Kyle Lyddy, campaign manager for Griebel, sees that message resonating in 2018, given the rancor and hyper-partisanship of national politics that has seeped into state politics. His ticket gets positive feedback daily from voters, he said.
"If there's a time to do this, this is the time in Connecticut to make this happen," he said. Connecticut had an independent governor from 1991-1995, former Republican U.S. Sen. Lowell P. Weicker Jr.
Griebel is not as well-known. He's a former banker, lawyer, business leader and Republican who asked lifelong Democrat Monte Frank to run as his lieutenant governor. Frank is an attorney and the leader of Team 26, a group of cyclists that have ridden to Washington, D.C., for five years to raise awareness about gun violence since the deadly school shooting in Frank's hometown of Newtown.
Their ticket's slogan is: "No politics. No parties. Just solutions." They talk about appealing to "the radical middle" and the need to "put aside differences in political ideology" to help solve the state's serious budget problems.
The message appealed to Democratic voter Elaine Butler, of New London, a legal guardian for adults with mental illness, who said she's "beyond frustrated" with state and national politics. She recently signed Griebel's petition during a campaign stop at a New London coffee shop. The secretary of state's office this week approved the 7,500 signatures he needed to appear on the November ballot.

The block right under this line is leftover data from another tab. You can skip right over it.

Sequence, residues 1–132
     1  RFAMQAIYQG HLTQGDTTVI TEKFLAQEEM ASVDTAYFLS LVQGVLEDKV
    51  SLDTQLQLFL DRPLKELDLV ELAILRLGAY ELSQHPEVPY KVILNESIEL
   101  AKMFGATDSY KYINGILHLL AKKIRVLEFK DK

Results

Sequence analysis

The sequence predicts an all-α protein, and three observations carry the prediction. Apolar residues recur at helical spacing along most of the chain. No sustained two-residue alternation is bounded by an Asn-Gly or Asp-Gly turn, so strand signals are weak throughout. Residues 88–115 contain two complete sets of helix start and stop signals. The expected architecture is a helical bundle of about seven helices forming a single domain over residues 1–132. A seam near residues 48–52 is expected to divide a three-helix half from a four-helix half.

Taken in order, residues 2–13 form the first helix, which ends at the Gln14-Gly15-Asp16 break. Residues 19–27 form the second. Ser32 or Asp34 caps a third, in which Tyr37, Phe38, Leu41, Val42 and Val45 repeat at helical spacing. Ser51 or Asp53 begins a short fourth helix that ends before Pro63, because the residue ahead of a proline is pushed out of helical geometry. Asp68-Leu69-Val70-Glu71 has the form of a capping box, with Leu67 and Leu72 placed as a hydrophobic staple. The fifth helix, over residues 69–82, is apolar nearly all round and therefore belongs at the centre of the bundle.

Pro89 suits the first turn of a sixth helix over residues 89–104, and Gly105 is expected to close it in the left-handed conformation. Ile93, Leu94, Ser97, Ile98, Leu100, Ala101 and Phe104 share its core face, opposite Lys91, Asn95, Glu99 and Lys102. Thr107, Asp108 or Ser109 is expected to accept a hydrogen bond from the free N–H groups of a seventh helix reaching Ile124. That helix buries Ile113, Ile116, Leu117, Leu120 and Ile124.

"I figure I want to get everybody into the mix right now," Butler said. "We need change. Definitely need change. And the more people that are running, the more choice we have."
But such sentiment might not be enough. Griebel and Frank decided not to participate in Connecticut's public campaign finance system and have struggled in recent months to raise contributions because it took longer than expected to get their petitions approved — another example of the challenges independent candidates face.
While they anticipate raising more money now that they have obtained ballot access, they face two wealthy major-party businessmen in November who are mostly self-funding their campaigns and have been running TV ads throughout the summertime primary season.
Sacred Heart University Professor Gary Rose said the lack of funding has hurt Griebel's ability to build name recognition.
"I think the low exposure of Oz is not going to be to his advantage," Rose said.
A Quinnipiac University poll this month showed 4 percent of voters supported Griebel, but 83 percent said they didn't know enough about him to form an opinion yet.
The independent ticket is not giving up, arguing most voters haven't been paying that much attention to the race over the summer.
In fact, Griebel and Frank plan to hold a joint fundraiser in September with a New York campaign that participates in the weekly conference calls. It's another bipartisan team for governor: former Democratic Syracuse Mayor Stephanie Miner and her running mate, Republican Pelham Mayor Michael Volpe.